Werner Fuchs

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Werner Fuchs
Personal information
Date of birth (1948-10-25)25 October 1948
Place of birth Kaiserslautern, West Germany
Date of death 11 May 1999(1999-05-11) (aged 50)
Place of death Aachen, Germany
Playing position Centre Forward
Senior career*
Years Team Apps (Gls)
1967–1968 1. FC Kaiserslautern 1 (0)
1968–1972 SV Alsenborn
1972 Hannover 96 0 (0)
1972–1980 SC Preußen Münster 193 (20)
Teams managed
1984–1987 Alemannia Aachen
1987–1988 1. FC Saarbrücken
1988–1990 Hertha BSC
1991–1992 Eintracht Braunschweig
1993 VfB Oldenburg
1994–1996 Wuppertaler SV
1996–1999 Alemannia Aachen
* Senior club appearances and goals counted for the domestic league only

Werner Fuchs (25 October 1948, in Kaiserslautern – 11 May 1999, in Aachen) was a German football player[1] and trainer.

Playing career[edit]

The centre forward began his professional career in 1967 with a professional contract at 1. FC Kaiserslautern, where is older brother Fritz also played professionally. Werner Fuchs only appeared once in the first team against Eintracht Braunschweig on 10 February 1968, and would remain his only appearance in the Bundesliga. Although he did feature in another Bundesliga team, Hannover 96 in 1972, he transferred to the regional league team SC Preußen Münster in that same season without making an appearance. He played on in Münster until his retirement in 1980.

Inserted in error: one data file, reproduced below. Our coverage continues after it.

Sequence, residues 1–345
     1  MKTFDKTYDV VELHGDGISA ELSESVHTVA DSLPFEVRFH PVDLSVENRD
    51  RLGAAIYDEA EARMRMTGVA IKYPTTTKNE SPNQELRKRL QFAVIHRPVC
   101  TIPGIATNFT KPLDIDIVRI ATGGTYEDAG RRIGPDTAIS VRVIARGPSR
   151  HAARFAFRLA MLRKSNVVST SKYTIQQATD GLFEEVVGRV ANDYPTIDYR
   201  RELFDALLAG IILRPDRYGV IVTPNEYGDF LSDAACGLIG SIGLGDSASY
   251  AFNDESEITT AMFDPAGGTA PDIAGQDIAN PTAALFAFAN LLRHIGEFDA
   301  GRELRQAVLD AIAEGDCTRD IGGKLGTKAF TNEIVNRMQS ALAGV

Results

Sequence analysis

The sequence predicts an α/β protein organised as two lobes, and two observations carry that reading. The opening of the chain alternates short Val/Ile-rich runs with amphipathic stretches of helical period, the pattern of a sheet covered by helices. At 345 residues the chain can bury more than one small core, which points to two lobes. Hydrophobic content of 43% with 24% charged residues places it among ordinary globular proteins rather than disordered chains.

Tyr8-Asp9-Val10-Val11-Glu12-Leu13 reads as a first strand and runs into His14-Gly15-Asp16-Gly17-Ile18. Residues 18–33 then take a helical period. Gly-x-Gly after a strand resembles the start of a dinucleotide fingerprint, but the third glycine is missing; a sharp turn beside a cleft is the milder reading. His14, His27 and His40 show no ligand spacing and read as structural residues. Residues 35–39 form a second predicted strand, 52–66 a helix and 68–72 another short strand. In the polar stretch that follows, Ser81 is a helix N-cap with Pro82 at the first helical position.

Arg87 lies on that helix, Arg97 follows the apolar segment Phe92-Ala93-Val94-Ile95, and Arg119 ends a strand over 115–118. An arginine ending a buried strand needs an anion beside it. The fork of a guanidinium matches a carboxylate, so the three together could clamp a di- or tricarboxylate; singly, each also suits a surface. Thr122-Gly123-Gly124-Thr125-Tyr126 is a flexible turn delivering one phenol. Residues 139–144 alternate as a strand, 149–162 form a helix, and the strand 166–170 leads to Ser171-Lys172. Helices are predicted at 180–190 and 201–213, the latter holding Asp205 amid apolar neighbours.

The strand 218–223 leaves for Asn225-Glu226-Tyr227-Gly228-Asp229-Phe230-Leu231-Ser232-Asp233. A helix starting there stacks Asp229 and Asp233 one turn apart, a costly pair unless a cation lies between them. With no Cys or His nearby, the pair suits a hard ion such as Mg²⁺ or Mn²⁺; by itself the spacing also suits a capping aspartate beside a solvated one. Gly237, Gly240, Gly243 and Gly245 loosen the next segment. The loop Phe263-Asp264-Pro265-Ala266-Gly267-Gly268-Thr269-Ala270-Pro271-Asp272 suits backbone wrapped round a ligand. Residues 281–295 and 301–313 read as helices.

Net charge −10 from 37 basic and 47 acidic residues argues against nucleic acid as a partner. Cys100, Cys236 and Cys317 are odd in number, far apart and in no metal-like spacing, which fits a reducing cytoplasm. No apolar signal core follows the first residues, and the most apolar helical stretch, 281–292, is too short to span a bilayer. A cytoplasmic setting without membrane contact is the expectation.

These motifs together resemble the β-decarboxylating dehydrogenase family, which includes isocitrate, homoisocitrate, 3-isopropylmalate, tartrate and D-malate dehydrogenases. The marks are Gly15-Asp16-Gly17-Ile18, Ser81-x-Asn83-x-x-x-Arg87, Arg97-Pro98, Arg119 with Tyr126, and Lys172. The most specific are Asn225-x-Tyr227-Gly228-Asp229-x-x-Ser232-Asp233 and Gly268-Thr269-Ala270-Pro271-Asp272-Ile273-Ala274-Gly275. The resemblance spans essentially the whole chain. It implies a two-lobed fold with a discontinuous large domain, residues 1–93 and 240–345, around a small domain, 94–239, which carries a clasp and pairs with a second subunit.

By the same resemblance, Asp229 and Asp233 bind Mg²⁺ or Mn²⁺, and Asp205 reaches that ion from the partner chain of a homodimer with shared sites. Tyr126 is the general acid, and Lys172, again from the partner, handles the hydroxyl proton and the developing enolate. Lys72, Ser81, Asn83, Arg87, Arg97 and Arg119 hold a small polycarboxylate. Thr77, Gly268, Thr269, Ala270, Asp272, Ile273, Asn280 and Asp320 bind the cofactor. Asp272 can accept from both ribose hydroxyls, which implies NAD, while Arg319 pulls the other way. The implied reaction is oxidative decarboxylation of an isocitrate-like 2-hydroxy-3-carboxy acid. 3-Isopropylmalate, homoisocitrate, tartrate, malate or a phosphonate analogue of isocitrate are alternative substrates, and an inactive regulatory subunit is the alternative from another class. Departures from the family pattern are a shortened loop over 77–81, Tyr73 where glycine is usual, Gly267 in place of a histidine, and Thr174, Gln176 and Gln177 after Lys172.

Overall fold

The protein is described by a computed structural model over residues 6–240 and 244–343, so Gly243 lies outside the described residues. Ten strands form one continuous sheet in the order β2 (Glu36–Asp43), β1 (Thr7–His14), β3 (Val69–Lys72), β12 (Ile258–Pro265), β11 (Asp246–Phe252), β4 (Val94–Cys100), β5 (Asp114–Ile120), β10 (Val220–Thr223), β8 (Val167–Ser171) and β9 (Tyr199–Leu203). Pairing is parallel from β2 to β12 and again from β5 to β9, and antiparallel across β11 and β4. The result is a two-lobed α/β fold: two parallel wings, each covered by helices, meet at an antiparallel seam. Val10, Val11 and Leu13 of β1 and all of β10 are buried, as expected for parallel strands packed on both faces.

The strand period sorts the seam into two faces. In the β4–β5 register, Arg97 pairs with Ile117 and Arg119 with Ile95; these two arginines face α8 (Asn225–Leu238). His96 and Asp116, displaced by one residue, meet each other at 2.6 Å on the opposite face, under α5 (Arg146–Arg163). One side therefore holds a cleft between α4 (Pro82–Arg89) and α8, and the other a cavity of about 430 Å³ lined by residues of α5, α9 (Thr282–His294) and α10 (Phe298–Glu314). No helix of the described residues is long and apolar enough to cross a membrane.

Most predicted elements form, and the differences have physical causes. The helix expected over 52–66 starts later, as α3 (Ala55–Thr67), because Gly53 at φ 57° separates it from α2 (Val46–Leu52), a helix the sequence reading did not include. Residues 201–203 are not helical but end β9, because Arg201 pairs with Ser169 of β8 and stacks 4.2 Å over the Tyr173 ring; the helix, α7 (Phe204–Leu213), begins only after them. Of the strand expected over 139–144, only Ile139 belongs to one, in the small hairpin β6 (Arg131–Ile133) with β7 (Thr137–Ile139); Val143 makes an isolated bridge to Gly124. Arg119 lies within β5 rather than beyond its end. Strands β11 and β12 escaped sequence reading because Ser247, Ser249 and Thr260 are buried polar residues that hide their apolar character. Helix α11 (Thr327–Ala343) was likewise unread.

Coaching career[edit]

His greatest achievements came as a football manager. As trainer of Alemannia Aachen, he enjoyed huge popularity among the citizens of Aachen. He was trainer there from 1984 to 1987, and then again from 1996 until his death in 1999. He took Alemannia Aachen back into the 2. Bundesliga, but was unable to continue his success as a few days before the final league game, which Aachen won to secure promotion, he collapsed during a walk in the woods with the team and died of a heart attack aged 50. He continues to be honoured by Aachen fans today, with signs in the stadium, for example.


On the tenth anniversary of Werner Fuchs' death, TSV Alemannia Aachen announced that the new amateur stadium belonging to the also New Tivoli stadium would be named the "Werner-Fuchs-Stadion", following suggestions from fans.[2]


  1. ^ "Fuchs, Werner" (in German). kicker.de. Retrieved 18 May 2012. 
  2. ^ "Zum 10. Todestag: Alemannia benennt Amateurstadion nach Werner Fuchs" (in German). TSV Alemannia Aachen. 11 May 2009. Retrieved 18 May 2012. 

External links[edit]